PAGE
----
HTTP client requests:

In-memory requests:

Yep, I'd say it's faster.

is this really necessary?

Probably not, but I wanted to figure out how to do it. I do think there's value in hitting a consistent set of execution points for a single type of transaction, and that one way to keep it consistent is to have a single entry point, which this accomplishes (though with some overhead).

One major motivation for this was a continual challenge I've faced in regard to supporting both desktop and mobile versions of a website, and keeping those sites consistent.

Another use case I can think of for this is being able to break apart an application into more of a service oriented architecture as time permits. Up front it may not make sense to split an application up into too many services, but as your organization, web traffic, and resources grow, your need to split your application up to scale either to your customer base or your development staff will grow as well. Using a client right out of the gate, and being able to abstract interactions to the resources backing it from internal to external by changing two lines of code does, in my opinion, has value.

I'm interested to hear feedback about this solution, because I know it strays from the norm considerably. Like I said, the cymbals are firmly attached; are you planning on crossing the street?

5 comments:

  1. This comment has been removed by the author.

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  2. Hi, nice post that gave me lot of interesting points to investigate further, but... (there's always a but, right?)

    First just a quick note, I found your post after searching (for considerable time) about using new type of connectors on the server-side (I don't understand why Jersey only have client-side connectors, even if they can be used on the server side as well but differently from true server-side connectors) because I'm trying to do a POC of a multi-protocol REST middleware by implementing a MQ connector on the server-side. Wwe did this with Jersey with earlier versions (that has been in production for several years now) but we are considering going forward with either Jersey 2 or change to Fuse (for which a similar POC was made quite easily). So to cut a long story short I was considering of implementing that as a Container or as a Application or as a Connector.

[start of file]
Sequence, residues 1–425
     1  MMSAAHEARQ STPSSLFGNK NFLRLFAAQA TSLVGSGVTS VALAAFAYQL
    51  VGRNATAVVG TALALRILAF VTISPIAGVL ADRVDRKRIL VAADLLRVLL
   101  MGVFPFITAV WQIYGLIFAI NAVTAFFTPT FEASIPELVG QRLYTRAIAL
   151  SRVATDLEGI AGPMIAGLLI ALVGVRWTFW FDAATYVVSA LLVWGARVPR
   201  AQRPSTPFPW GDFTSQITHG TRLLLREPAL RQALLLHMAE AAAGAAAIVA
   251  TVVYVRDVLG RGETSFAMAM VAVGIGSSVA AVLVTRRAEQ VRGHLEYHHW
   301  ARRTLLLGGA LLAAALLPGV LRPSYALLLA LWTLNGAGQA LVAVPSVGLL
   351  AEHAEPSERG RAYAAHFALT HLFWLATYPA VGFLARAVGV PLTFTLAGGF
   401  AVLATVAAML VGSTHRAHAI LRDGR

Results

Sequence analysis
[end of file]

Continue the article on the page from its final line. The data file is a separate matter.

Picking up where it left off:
Going back to the "but"... I ran your example and got it to run, but as far as I can see what it does it's just replacing a URL for another, so that instead of having calls directed to, say, http://mycompany.com/rest/example/123 they will be directed to http://localhost/rest/example/123. But that is still a HTTP call that will go thru the HTTP server, and not "in memory". Or am I missing something here?

    The result I got were

    With "normal" connector:
    Time elapsed (get): 7ms
    Time elapsed (get): 7ms
    Time elapsed (get): 6ms
    Time elapsed (get): 5ms
    Time elapsed (get): 5ms
    Time elapsed (get): 6ms
    Time elapsed (get): 8ms
    Time elapsed (get): 13ms
    Time elapsed (get): 6ms
    Time elapsed (get): 5ms

    With "your" connector:
    Time elapsed (get): 5ms
    Time elapsed (get): 6ms
    Time elapsed (get): 4ms
    Time elapsed (get): 10ms
    Time elapsed (get): 5ms
    Time elapsed (get): 4ms
    Time elapsed (get): 4ms
    Time elapsed (get): 4ms
    Time elapsed (get): 3ms
    Time elapsed (get): 4ms

    With ApacheConnector:
    Time elapsed (get): 8ms
    Time elapsed (get): 6ms
    Time elapsed (get): 6ms
    Time elapsed (get): 6ms